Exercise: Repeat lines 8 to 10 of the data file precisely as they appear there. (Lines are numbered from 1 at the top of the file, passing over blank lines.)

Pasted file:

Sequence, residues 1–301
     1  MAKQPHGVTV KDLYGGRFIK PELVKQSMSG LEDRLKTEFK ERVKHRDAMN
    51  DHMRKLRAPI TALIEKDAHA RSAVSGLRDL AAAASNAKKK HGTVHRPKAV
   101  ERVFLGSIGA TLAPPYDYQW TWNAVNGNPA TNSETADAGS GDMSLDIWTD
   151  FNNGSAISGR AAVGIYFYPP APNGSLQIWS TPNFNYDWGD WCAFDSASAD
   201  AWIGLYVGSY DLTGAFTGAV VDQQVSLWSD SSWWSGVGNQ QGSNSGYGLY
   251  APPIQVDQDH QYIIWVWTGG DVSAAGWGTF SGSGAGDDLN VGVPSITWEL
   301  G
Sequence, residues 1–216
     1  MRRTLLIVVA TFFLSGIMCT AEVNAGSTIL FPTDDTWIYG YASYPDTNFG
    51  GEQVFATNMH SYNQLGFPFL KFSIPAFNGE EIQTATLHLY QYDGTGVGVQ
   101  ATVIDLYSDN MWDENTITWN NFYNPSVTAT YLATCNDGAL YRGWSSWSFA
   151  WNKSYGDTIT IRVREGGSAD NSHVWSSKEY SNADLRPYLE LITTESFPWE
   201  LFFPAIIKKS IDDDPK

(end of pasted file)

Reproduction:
   301  G
Sequence, residues 1–216
     1  MRRTLLIVVA TFFLSGIMCT AEVNAGSTIL FPTDDTWIYG YASYPDTNFG